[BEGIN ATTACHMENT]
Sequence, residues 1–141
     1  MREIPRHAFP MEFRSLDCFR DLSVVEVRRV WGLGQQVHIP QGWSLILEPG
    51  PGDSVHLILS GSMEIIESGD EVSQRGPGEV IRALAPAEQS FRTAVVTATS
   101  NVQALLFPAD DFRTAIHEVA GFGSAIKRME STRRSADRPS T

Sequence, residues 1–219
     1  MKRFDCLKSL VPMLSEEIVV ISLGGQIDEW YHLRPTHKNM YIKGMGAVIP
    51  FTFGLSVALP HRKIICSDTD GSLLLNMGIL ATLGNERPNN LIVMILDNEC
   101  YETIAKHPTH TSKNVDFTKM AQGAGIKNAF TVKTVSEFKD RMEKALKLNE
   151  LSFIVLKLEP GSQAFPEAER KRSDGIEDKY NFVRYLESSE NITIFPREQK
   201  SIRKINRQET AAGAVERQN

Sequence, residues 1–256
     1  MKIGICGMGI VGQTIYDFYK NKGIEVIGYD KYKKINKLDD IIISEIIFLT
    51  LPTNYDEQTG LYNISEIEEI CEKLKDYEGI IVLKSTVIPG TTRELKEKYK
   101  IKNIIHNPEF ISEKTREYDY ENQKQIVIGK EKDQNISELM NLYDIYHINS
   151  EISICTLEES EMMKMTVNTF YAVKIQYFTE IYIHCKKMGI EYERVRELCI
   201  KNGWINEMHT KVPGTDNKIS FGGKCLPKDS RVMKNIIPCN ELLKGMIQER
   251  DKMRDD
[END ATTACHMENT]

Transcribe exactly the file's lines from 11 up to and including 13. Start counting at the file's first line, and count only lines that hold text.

Sequence, residues 1–256
     1  MKIGICGMGI VGQTIYDFYK NKGIEVIGYD KYKKINKLDD IIISEIIFLT
    51  LPTNYDEQTG LYNISEIEEI CEKLKDYEGI IVLKSTVIPG TTRELKEKYK